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Friday, 15 December, 2000, 08:33 GMT
Concorde 'ready to fly'
BA Concorde
Concorde: BA is offering to take on all maintenance
British Airways Concordes are being kept in "tip top condition" and could be flying again as early as next March, according to its chief pilot.

Formula One technology is being used to help Concorde return to the skies less than a year after the entire fleet was grounded following the Air France crash in Paris.

BA is meeting Air France, air investigators, manufacturers and government officials from Britain and France to review a series of safety modifications.

The design is such that we can absolutely guarantee that a fire like the one that happened in Paris could never happen again

Concorde pilot Mike Bannister
These include fitting Concorde's fuel tanks with Kevlar linings, similar to those used in Formula One racing cars, and replacing wiring on the undercarriage with a reinforced system.

Engineers have been keeping the aircraft in working order during tests and a multi-million pound refit is being planned to tempt back passengers, should regulators give the all clear.

"The design is such that we can absolutely guarantee that a fire like the one that happened in Paris could never happen again," said Concorde chief pilot Mike Bannister.

The safety review meeting will discuss a timescale for the work which is designed to win back its certificate of air worthiness.

BA and Air France Concorde fleets were grounded in September, two months after an Air France flight leaving Paris caught fire and crashed minutes after take-off, killing 113 people.

Wiring could be to blame

French investigators, who have reassembled the crashed plane, say a piece of metal on the runway punctured a tyre which then ruptured a fuel tank.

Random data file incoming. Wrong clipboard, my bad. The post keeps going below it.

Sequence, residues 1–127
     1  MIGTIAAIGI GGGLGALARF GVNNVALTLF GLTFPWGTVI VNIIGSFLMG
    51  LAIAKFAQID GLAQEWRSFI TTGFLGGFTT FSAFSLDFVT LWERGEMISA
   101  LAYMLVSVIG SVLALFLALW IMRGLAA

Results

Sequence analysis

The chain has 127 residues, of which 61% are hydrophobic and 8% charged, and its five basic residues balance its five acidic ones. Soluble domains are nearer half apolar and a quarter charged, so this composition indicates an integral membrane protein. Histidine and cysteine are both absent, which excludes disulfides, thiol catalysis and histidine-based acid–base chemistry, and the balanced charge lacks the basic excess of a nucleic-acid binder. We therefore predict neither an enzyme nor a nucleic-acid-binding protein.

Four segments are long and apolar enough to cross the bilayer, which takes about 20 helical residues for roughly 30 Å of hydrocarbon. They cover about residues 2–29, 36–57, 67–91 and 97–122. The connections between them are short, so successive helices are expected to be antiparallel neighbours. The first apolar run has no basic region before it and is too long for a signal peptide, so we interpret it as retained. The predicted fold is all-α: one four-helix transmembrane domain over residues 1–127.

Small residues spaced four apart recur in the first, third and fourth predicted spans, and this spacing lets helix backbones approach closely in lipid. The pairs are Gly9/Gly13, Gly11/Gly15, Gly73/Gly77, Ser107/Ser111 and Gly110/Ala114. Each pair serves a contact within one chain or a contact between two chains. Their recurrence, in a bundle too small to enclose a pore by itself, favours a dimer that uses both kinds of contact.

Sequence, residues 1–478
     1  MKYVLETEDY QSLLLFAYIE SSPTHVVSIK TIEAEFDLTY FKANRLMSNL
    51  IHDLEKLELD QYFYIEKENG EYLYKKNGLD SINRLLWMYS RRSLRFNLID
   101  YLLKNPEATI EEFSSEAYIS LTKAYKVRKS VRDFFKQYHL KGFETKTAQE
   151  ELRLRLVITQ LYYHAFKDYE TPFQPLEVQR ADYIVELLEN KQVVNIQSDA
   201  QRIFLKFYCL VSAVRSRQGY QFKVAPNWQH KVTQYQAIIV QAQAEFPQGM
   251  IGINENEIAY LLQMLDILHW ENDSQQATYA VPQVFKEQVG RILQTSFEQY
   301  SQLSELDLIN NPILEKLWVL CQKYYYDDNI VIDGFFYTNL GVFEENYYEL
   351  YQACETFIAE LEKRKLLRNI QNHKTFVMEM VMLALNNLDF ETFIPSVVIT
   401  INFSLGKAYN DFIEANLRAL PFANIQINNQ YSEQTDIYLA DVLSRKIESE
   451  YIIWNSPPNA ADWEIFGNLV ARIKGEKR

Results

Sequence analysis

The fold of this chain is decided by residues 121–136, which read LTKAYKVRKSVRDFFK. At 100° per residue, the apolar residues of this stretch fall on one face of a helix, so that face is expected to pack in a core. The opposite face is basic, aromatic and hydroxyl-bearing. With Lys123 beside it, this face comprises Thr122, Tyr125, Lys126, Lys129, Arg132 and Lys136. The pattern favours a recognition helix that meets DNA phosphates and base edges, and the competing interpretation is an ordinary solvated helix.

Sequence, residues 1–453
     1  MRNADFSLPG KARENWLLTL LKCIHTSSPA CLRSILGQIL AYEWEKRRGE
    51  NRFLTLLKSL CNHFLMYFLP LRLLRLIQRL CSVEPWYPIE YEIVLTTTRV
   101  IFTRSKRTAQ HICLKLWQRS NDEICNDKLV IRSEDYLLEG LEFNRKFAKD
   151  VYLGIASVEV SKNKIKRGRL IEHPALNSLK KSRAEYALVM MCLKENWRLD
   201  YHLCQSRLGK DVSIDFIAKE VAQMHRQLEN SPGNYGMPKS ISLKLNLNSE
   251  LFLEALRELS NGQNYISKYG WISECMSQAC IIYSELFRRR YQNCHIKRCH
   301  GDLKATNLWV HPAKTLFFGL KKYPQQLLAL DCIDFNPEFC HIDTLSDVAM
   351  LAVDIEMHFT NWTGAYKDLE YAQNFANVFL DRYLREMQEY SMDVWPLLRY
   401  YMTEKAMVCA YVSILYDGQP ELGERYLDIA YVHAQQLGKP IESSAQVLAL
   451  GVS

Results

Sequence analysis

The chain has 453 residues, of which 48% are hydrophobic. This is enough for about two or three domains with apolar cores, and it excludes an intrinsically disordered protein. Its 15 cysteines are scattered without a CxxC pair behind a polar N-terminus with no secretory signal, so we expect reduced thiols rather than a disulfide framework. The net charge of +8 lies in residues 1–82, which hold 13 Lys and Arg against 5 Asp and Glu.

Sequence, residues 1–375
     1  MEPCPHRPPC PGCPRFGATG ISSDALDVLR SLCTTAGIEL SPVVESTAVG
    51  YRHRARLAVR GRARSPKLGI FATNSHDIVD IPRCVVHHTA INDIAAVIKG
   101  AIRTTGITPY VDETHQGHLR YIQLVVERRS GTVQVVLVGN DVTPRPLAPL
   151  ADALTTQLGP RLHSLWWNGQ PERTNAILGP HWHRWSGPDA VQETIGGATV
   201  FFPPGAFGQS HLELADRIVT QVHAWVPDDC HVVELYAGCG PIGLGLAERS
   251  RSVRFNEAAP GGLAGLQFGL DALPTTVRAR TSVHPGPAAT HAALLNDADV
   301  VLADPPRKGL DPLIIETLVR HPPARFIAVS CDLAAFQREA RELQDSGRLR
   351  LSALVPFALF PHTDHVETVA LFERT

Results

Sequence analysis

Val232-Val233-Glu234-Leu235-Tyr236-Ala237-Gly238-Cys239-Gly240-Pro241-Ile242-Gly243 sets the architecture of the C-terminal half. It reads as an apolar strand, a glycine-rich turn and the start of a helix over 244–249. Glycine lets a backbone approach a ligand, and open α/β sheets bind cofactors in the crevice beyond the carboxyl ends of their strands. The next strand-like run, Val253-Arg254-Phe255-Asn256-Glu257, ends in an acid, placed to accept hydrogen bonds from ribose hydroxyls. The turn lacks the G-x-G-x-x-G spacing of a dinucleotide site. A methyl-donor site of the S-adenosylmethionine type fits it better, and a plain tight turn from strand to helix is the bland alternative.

They now believe the fuel ignited either because of a spark from electrical wiring in the undercarriage bay or as a result of hot gases from the front of the engines.

Air France Concorde
The doomed Air France Concorde
Reinforcing the fuel tanks with Kevlar and rubber lining is designed to prevent them from future punctures.

BA's chief Concorde pilot, Mike Bannister, said he was confident that the fleet would get back off the ground.

"We've been keeping the aeroplanes ticking over in tip top condition," he said. "A whole team of engineers have been keeping the aeroplane ready to fly."

He said the continuing engineering work and the multi-million pound cabin renovation plans showed BA's determination to get Concorde flying.

Life extension plan

BA is expected to tell the meeting that it is working towards getting three aircraft ready for London to New York passenger flights before Easter.

The airline says it would carry out all the maintenance, not only for its own planes but also the five remaining in the Air France fleet.

BA is also working on a life extension programme to give an extra 15 years to the 25-year-old aircraft.

Aviation experts have expressed fears that if the supersonic service is not back by summer 2001, the economic pressures may be such Concorde does not fly again.

But Paul Beaver, of Jane's, publishers of All the World's Aircraft, said the speedy and efficient service Concorde provides means customers will come flocking back.

"By the middle of the summer we will almost have forgotten that dreadful tragedy in Paris," he said.

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